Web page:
In all of her journeys, Dr. Larson finds that her experience in teaching communication disorders really helps in bonding with non-English speaking people. Trained in connecting with people who have had hearing loss, stroke or cerebral palsy, she is more sensitive to how people try to communicate. “I’m perhaps more likely to notice other things that people aren’t speaking. I’m tuned in to watching the nonverbal.”
Also as the daughter of a minister who often moved, she had innumerable experiences that enriched and broadened her communication skills. “When I was a child, I would go with my parents and visit nursing homes. International students and missionaries from different countries would always stay in our home. I’ve just been exposed my entire life to people of all ages and cultures.”
Her extensive communication skills clearly came in handy when she visited Irian Jaya, a remote island of Indonesia. There she stayed with the Dani, an indigenous group who have remarkably resisted the pressures of modern culture. The Dani will have nothing to do with western clothes; the men wear only penis gourds and adorn their noses with pig teeth. Their bodies are embellished with clay and grease paint. As with peoples of other cultures, Dr. Larson relates to the Dani with ease. “Smiling is universal,” she says. “And so is music. I would sing just a few bars of a song, and then I would gesture to them, and they would be able to sing it.” It’s her way of breaking the ice with new friends. “When you’re dealing with people who don’t have a written language, they’re more tuned in to listening. It’s amazing at how easily they can mimic the sounds that I make.”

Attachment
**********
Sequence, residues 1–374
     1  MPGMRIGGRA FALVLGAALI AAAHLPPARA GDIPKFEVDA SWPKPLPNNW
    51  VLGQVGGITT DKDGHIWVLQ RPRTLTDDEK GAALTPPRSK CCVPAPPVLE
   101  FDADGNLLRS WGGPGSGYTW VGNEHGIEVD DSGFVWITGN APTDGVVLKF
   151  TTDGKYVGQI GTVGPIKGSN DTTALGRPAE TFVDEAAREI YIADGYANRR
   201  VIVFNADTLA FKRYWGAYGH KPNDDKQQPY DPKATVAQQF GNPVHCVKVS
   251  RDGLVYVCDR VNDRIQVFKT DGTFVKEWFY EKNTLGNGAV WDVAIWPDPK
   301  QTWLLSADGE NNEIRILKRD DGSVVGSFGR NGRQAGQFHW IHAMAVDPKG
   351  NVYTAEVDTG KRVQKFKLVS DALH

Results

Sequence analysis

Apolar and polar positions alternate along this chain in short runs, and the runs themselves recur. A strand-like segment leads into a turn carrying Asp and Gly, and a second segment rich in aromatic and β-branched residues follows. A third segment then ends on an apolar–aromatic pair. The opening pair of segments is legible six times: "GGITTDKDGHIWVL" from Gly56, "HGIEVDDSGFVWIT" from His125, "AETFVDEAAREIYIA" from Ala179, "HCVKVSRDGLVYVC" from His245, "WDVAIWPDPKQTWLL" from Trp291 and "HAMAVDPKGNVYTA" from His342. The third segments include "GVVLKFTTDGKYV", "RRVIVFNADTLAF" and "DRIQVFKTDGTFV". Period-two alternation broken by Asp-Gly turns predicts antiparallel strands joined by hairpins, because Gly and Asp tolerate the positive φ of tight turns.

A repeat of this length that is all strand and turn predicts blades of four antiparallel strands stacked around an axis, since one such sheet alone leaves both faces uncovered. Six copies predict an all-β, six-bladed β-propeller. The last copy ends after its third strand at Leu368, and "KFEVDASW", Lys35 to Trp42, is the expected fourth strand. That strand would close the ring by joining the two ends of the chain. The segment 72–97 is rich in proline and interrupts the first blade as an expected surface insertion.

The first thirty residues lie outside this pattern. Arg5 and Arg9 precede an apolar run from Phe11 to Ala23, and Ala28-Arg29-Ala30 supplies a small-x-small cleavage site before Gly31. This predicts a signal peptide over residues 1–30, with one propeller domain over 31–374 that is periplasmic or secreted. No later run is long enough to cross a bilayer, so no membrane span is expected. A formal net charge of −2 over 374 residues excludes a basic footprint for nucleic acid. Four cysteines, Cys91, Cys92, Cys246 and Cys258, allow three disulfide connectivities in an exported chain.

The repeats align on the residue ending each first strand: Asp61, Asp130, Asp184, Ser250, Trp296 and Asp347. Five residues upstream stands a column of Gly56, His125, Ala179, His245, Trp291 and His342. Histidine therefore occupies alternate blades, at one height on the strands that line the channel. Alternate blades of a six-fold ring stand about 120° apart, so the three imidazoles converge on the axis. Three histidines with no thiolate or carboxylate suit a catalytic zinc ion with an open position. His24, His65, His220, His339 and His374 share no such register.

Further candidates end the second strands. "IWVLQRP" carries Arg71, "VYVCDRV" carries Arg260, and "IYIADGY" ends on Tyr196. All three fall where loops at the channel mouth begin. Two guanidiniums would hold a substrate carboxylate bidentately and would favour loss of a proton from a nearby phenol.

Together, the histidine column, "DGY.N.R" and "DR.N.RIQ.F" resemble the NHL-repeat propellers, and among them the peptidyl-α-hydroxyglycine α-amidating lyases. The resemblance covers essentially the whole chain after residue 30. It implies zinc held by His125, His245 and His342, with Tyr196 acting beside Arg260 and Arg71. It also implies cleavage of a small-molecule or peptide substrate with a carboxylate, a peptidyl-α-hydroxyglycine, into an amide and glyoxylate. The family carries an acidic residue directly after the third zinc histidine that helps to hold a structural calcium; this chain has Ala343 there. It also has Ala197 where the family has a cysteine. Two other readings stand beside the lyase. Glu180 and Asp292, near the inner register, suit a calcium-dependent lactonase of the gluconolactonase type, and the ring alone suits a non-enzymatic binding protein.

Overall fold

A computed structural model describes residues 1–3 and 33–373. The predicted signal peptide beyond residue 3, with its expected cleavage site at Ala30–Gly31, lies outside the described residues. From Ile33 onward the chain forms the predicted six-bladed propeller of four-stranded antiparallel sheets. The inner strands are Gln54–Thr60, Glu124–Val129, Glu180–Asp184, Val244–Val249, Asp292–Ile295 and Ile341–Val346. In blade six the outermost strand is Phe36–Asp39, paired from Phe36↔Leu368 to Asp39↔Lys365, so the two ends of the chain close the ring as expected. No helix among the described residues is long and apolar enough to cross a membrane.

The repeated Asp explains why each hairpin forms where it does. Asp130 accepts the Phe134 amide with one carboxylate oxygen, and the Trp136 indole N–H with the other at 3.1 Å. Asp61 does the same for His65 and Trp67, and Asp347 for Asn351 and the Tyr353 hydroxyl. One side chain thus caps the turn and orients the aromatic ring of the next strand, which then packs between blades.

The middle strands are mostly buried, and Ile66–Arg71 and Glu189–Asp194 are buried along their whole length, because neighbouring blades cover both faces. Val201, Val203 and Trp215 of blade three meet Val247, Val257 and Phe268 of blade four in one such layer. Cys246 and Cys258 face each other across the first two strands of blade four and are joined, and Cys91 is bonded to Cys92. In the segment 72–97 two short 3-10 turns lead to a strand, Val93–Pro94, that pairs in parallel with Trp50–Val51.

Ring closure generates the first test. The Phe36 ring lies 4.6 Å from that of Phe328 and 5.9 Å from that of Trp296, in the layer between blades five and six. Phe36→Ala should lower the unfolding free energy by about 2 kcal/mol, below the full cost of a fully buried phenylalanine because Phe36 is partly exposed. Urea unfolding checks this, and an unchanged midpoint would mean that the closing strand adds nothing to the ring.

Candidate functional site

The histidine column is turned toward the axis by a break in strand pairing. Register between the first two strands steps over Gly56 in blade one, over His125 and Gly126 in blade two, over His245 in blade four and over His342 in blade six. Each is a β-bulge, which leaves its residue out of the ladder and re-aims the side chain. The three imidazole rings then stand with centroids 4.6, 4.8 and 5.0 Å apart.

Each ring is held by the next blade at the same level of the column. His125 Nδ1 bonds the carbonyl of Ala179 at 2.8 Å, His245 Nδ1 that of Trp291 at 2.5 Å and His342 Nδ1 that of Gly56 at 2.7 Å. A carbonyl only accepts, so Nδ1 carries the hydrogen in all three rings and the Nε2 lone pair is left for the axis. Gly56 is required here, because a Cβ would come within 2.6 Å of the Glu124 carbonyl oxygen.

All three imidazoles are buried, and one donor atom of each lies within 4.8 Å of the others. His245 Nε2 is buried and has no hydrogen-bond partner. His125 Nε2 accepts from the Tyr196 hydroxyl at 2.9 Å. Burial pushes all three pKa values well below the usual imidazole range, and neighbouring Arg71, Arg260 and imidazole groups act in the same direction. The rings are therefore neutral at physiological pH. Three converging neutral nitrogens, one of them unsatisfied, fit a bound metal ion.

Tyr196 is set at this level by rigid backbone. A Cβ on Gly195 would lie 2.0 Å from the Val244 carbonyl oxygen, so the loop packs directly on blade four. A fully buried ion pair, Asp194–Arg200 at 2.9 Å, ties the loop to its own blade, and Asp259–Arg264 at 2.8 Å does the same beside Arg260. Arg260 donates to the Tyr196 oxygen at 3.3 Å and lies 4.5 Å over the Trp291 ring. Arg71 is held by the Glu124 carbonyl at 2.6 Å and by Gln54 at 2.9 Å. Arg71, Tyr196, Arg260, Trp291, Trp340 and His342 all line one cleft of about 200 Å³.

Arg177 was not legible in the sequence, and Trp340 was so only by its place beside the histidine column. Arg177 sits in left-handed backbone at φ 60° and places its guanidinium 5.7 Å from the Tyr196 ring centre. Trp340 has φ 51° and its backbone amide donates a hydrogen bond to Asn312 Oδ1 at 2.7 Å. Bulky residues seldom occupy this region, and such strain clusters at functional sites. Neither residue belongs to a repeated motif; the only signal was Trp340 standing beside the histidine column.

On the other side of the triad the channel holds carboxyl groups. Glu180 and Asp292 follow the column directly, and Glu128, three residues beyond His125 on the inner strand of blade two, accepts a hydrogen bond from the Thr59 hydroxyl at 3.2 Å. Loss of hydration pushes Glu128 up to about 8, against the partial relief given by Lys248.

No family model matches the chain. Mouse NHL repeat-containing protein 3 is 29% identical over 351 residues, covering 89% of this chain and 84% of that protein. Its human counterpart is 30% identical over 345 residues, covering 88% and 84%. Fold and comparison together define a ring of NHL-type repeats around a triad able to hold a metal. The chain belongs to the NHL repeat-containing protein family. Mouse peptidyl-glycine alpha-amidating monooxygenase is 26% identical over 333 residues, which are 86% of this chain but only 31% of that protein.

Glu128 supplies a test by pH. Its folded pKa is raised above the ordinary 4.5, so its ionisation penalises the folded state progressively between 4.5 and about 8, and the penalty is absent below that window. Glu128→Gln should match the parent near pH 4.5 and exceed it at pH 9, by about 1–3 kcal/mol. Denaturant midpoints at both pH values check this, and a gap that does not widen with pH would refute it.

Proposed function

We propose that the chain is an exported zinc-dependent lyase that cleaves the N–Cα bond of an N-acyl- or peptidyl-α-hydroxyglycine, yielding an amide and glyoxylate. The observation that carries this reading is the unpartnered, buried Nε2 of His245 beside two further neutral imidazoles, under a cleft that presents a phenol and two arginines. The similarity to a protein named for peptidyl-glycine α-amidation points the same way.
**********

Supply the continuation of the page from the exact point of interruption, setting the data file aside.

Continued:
And the sharing goes both ways. “I like to learn their dances and songs, and it’s always well received because it shows that you’re interested in them.”
Of course summertime must come to an end. But when Dr. Larson returns to the University of Nebraska each fall, she always has something to share with her students. She shares with her class how in many cultures, it is the woman who do a greater portion of the work. In Ecuador for example, the Cofan farmers are the women. Their knowledge of soil and weather patterns is exceptional. And in Irian Jaya, women are often seen carrying up to five woven bags of goods at a time. An additional bag holds a child.